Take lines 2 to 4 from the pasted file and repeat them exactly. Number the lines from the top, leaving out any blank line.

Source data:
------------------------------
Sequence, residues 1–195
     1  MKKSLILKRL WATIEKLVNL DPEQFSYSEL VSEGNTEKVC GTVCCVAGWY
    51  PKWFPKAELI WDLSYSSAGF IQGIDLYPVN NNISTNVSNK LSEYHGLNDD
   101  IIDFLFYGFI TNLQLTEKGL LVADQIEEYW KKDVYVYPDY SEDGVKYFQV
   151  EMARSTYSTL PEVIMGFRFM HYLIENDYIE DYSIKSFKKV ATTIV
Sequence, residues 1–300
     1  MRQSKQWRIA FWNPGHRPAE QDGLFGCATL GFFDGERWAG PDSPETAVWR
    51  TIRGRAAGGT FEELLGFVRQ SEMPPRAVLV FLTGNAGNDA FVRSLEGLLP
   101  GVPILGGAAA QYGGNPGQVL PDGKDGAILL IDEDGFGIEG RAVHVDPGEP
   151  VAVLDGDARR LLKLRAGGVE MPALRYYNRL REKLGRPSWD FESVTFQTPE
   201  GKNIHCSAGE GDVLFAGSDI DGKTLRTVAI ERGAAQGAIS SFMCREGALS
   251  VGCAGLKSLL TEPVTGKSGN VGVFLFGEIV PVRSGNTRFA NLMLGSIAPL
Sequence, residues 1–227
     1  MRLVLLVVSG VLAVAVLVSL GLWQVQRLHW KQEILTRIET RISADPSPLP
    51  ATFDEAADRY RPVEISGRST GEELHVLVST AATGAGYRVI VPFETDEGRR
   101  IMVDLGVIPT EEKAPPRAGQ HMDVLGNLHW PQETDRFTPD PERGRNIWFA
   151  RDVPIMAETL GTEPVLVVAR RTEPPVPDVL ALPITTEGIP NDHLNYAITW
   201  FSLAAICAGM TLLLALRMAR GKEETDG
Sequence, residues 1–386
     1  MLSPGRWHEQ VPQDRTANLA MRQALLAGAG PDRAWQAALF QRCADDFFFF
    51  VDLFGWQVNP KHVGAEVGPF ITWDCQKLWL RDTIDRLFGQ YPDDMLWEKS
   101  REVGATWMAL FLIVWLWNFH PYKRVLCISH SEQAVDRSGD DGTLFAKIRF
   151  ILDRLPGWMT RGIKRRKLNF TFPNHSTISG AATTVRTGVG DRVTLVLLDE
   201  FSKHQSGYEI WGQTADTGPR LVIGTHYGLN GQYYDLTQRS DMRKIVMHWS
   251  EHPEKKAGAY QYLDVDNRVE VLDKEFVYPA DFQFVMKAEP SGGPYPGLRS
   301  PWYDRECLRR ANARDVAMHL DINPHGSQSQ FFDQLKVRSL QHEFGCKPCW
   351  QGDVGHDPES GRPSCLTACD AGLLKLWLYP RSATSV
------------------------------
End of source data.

     1  MKKSLILKRL WATIEKLVNL DPEQFSYSEL VSEGNTEKVC GTVCCVAGWY
    51  PKWFPKAELI WDLSYSSAGF IQGIDLYPVN NNISTNVSNK LSEYHGLNDD
   101  IIDFLFYGFI TNLQLTEKGL LVADQIEEYW KKDVYVYPDY SEDGVKYFQV